Winter is a (mostly) northern California birder best known for serving
as the first Secretary of the California Bird Records Committee (CBRC)
from 1971-1976. He authored or co-authored the first two CBRC reports,
and it was under his stewardship that the basic organizational structure
came together. He went on to do extensive survey work in the Sierra, especially
the study of owls, and to teach a variety of bird classes and lead a wide
range of bird tours. He now resides in Santa Rosa, Sonoma County.
When Jon was attending San Diego State University in the late 1960s , he birded regularly with Guy McCaskie, and came under his spell as a mentor. Jon recalls that Guy "had a remarkable memory of birds and could recall records accurately for years. If there was anything I learned from Guy, it was focus. He was the most focused and disciplined birder I have ever met." Jon was one of the founders of California Field Ornithologists, which later became Western Field Ornithologists, and through those efforts became the first CBRC secretary. Jon participated in a record-setting Big Day (with Guy McCaskie, Cliff Lyons, and Scott Terrill) in April 1972. Their route was from the Salton Sea to San Diego. It was the highest Big Day in North America at the time, although this was before the institution of ABA Big Day rules which now require a more uniform approach to this event.
Jon returned to northern California in the mid 1970s, worked with Point Reyes Bird Observatory, and resumed a long birding association with Rich Stallcup. Jon and Rich joined together to lead trips to southeast Arizona. He and Rich founded and acted as the first compilers of the Point Reyes Christmas Bird County in 1971. Today, the Pt. Reyes CBC is one of the continent's largest counts in terms of participants, and is regularly in the top ten in birds recorded. Jon worked at various PRBO banding stations in the late '60s through mid '70s, including work on S.E. Farallon I., where he and Bob Yutzy found a Connecticut Warbler in Sep 1975.
Jon was one of the first to teach courses in field identification, including a 9-week course that covered what was known about i.d. problems at the time. ["Not sure you could do the same thing in 9 weeks today," Jon recently wrote]. He also taught ornithology at the College of Marin and Santa Rosa Junior College for many years,, until the mid-1980s, and his tour schedule expanded to such far distant realms as Antarctica. Jon's expertise on northern California birds was an essential asset during his 14 seasons as a Regional Editor of the Middle Pacific Coast Region for American Birds during the 1970s.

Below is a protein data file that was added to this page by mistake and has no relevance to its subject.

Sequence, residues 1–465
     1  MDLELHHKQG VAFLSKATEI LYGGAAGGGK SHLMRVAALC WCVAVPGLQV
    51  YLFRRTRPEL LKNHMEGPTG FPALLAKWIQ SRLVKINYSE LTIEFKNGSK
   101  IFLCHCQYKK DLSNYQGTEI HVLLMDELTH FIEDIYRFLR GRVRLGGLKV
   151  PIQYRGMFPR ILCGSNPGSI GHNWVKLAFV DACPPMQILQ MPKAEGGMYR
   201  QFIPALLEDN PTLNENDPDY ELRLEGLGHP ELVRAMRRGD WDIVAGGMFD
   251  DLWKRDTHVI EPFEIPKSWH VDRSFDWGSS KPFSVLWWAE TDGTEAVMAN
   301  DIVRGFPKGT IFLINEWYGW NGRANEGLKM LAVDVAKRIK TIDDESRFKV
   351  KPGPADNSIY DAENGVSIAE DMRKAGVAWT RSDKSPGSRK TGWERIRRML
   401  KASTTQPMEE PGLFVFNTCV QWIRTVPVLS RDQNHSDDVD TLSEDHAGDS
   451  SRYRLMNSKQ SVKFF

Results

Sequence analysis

Jon undertook a nine-year research on the Great Gray Owl, a project that would also gain him substantial expertise with that species, as well as Spotted and Flammulated Owls. Throughout it all he kept a field journal of personal observations and thoughts, portions of which have been included within this overall web project [with Jon's permission]. His papers on the Flammulated Owl influenced a number of birders in the 1970s (e.g., Winter 1971b, 1974), including this writer, and are as pertinent today as they were 30+ years ago.
In the early 1970s, while in college, Jon worked as a Forest Service lookout in Placer County, at a time when the antiwar and counter-culture movements were at their peaks. These cultural movements had a major impact on at least portions of the birding world, and I've touched upon just a few of those impacts throughout this web project. The group shot below was taken back then, and sets the tone perfectly. It features quite a selection of famed birders (legend follows the photo).
Selected publications 1971-1989:
All photos © to photographers identified on this page; all rights
All text © Don Roberson; all rights reserved.
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